The Bank of England could be ordered to appear before the Treasury select committee to explain the lessons learnt from the debacle regarding Charlotte Hogg’s short tenure as deputy governor. Hogg had failed to disclose that her brother, Quintin Hogg, was a director at Barclays, which she would have regulated. A report found that routine personnel policies had not been followed and Nicky Morgan, who was elected chair of the committee last month, has said she would like to hear how recommendations will be implemented.
Approval for 21st Century Fox’s proposed takeover of Sky will likely come in the first half of 2018 the company has said. Fox had hoped to conclude the £12 billion deal in 2017 but has been delayed by regulators, with concerns that it would give the Murdoch family, which already owns The Times and The Sun, too much control over UK news. Fox already owns a minority stake in Sky and is hoping to buy the 61% of shares that it does not own.
All major European share indexes were down yesterday after a car hit a group of soldiers in Paris in what was described as a deliberate act, and North Korea said it was considering attacking the US territory of Guam.
The FTSE 100 ended trading down 44.67 points to 7,498.06.
G4S was the biggest faller, closing the day down 4.7% despite reporting a 7.6% increase in first-half profits. Chief executive Ashley Almanza said it would sell off more underperforming assets this year and Stifel analysts pointed to operating cash flow being weaker year-on-year.
On the currency markets, the pound fell against the dollar to $1.2998 and was up against the euro to 1.1060 euros.
Aldermore Group, Amec Foster Wheeler, Triatix Big Box Reit, Capital & Regional, Coca-Cola HBC AG (CDI), Cineworld Group, Derwent Group, Evraz, Glanbia, Glencore, Hill & Smith Holdings, Ibstock, North Midland Construction, Pagegroup, Prudential, Vitec Group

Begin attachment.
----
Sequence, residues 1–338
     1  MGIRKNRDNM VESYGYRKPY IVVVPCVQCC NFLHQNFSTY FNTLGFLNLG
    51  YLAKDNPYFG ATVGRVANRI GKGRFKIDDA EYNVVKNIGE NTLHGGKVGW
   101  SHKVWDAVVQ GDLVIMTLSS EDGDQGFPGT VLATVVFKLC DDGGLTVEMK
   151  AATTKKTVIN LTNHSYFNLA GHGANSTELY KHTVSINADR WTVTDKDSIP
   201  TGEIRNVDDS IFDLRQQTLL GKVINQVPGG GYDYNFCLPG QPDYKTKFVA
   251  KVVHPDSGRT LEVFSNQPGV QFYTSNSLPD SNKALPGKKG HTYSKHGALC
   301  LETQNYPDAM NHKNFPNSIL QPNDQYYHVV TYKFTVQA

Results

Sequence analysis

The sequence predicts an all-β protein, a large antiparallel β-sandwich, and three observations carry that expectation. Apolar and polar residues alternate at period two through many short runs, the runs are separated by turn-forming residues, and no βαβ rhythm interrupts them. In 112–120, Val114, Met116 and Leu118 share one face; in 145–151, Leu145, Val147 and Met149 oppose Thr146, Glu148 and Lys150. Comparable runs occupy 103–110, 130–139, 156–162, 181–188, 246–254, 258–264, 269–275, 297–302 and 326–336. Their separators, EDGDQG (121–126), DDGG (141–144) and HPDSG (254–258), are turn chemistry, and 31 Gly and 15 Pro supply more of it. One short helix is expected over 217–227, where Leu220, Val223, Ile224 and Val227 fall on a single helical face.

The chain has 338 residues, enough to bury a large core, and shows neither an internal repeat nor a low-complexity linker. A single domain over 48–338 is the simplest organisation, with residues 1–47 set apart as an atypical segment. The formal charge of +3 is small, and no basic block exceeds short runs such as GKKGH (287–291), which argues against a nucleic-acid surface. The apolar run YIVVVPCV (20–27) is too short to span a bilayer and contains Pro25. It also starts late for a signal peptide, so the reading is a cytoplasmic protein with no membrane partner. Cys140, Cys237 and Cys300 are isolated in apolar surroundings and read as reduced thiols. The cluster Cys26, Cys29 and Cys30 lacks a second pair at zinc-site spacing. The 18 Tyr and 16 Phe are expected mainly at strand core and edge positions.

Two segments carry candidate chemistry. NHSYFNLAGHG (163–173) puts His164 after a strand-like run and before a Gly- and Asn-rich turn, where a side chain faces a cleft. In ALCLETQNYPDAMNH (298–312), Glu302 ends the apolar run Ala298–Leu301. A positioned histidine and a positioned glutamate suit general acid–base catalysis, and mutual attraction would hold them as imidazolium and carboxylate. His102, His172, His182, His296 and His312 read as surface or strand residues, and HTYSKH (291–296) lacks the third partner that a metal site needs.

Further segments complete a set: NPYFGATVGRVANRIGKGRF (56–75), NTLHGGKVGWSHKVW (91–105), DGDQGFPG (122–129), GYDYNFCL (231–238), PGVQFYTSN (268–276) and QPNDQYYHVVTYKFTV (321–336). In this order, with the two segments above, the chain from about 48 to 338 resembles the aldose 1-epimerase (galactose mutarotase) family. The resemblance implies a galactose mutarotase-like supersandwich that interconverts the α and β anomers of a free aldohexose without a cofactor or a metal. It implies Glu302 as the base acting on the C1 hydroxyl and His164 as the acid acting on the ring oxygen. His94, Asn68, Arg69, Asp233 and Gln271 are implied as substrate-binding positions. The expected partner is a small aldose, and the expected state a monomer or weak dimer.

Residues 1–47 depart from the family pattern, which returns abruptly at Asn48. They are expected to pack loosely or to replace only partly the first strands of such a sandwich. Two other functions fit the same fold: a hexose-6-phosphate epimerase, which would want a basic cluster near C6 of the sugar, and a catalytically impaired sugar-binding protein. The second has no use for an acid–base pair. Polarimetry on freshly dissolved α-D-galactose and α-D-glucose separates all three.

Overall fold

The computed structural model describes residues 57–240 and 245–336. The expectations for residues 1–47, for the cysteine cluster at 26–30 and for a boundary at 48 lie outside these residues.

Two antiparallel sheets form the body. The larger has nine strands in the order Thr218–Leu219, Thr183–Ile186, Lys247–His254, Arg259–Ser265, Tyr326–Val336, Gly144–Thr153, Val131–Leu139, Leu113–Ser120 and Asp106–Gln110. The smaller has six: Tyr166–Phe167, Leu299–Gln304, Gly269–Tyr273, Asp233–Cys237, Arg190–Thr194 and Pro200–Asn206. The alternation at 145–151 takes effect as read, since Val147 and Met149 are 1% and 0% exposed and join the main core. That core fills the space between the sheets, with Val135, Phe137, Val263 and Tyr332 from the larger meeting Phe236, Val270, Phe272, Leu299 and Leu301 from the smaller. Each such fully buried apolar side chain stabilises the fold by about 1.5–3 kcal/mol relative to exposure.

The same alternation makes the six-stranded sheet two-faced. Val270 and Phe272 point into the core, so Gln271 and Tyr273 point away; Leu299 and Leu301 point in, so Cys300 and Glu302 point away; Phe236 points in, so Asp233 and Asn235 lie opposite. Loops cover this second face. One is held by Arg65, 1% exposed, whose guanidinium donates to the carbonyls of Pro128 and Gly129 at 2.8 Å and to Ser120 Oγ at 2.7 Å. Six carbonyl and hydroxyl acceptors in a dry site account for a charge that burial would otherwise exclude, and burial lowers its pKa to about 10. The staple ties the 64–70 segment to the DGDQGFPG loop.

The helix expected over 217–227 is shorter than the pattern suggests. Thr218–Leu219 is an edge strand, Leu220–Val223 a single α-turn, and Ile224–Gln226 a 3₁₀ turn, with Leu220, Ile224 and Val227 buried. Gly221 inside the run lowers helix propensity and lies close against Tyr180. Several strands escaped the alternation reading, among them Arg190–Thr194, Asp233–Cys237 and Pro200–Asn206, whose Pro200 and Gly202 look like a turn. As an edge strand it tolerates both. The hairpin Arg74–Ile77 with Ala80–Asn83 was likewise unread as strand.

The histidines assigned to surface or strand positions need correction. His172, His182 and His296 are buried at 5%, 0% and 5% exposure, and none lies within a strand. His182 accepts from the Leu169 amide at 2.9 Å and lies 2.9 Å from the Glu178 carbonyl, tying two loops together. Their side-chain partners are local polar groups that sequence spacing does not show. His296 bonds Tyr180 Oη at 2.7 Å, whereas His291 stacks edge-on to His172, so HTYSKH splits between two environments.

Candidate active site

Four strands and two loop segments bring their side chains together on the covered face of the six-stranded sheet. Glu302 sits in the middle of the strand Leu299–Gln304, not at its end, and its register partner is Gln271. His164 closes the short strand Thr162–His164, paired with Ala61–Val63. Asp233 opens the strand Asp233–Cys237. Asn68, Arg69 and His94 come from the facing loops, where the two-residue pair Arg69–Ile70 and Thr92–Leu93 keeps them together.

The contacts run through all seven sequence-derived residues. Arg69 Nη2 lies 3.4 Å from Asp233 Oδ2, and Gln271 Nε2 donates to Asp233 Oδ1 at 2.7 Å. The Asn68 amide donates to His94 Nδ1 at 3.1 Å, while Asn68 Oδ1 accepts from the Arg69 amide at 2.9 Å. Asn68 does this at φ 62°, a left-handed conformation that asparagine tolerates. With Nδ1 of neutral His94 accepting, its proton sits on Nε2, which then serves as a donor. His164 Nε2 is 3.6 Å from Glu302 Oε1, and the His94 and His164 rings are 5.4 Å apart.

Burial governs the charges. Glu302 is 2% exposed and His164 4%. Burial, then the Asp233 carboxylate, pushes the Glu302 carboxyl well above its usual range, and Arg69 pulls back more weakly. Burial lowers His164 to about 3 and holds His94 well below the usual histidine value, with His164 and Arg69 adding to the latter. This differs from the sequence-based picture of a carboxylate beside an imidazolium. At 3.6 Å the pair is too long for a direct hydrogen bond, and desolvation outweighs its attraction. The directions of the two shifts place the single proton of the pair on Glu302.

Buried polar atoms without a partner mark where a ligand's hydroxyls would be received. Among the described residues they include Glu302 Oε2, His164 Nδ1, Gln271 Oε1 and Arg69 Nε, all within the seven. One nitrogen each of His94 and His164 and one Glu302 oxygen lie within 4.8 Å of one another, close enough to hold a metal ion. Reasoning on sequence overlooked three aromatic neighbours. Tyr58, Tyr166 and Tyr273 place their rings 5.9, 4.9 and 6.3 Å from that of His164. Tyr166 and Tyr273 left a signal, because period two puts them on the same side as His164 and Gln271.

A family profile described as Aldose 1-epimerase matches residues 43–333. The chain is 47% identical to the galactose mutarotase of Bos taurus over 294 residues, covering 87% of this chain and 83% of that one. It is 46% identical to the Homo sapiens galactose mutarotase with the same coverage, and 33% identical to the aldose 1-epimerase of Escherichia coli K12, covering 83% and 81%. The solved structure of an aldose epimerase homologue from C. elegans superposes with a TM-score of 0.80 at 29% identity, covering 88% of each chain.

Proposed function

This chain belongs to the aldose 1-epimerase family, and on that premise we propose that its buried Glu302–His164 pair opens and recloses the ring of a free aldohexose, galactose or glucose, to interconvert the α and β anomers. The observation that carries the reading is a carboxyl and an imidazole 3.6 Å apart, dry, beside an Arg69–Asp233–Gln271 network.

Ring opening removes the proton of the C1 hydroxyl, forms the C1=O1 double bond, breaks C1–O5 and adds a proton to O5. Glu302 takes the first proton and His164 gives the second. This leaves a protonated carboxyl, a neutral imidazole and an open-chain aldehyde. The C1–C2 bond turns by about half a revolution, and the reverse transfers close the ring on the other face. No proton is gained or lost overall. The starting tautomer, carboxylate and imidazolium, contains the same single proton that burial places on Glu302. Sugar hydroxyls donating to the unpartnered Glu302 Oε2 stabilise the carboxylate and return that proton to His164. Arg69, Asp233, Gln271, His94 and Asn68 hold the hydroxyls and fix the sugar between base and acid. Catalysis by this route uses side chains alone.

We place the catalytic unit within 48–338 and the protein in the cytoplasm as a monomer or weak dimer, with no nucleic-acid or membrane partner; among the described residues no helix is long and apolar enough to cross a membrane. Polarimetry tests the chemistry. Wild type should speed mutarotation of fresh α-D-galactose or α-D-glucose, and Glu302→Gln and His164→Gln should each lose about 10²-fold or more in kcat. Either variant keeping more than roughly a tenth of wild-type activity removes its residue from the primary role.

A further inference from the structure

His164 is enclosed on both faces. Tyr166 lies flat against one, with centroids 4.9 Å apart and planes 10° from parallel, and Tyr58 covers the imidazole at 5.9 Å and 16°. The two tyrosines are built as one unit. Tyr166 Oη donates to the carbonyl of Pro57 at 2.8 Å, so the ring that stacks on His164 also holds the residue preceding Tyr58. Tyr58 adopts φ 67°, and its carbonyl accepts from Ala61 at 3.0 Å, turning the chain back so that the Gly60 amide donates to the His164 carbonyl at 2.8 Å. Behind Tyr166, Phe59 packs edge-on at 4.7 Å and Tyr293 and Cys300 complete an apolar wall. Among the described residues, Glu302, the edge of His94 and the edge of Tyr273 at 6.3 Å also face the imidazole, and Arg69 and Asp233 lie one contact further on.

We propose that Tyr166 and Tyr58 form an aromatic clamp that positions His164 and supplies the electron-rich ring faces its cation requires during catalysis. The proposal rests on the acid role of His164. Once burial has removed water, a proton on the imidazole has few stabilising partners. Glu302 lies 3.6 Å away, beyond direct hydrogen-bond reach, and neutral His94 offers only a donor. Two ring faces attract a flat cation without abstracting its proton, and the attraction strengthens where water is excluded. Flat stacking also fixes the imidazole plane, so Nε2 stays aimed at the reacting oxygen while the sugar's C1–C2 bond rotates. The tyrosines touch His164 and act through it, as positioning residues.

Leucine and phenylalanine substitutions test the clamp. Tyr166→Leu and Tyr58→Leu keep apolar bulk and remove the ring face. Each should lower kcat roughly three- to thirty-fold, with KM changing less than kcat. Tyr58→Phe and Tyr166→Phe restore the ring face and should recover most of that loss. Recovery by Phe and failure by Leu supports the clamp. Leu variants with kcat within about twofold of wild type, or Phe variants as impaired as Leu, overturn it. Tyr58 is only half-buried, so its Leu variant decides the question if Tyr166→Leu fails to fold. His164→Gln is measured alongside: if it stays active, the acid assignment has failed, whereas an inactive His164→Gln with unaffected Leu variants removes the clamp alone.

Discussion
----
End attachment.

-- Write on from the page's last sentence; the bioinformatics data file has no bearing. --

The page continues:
Blue Planet Investment Trust, Creightons, Invesco Asia Trust, Investec, Terra Capital
HSS Hire Group, TT Electronics
UK Economic Announcements
(00:01) RICS Housing Market Survey
(09:30) Balance of Trade
(09:30) Industrial Production
(09:30) Manufacturing Production
International Economic Announcements
(13:30) Continuing Claims (US)
(13:30) Initial Jobless Claims (US)
(13:30) Producer Price Index (US)
Columns of note
In his column for The Times, David Aaranovitch dissects an article in The Atlantic by Jean M Twenge, a professor of psychology at San Diego State University, in which she says that the generation born between 1995 and 2012 is facing the worst mental health crisis in decades due to smartphone use. In his critique, Aaranovitch argues that this reflects the “psychological need we seem to have to worry about the next generation and its failings”, pointing out that in 1887, the New York Times ran this headline: “Excessive use of bicycle fatal”.
Writing in the Financial Times, David Pilling outlines the positive impact that democracy has brought to Africa, pointing to high voter turnouts in elections across the continent and the changes that have been introduced as a response to the will of the people. This is despite severe challenges and Pilling asserts that Africa’s people are ready for democracy even if their leaders are not.
Did you know?
France’s last guillotine execution took place in September 1977 – four months after the first Star Wars film was released.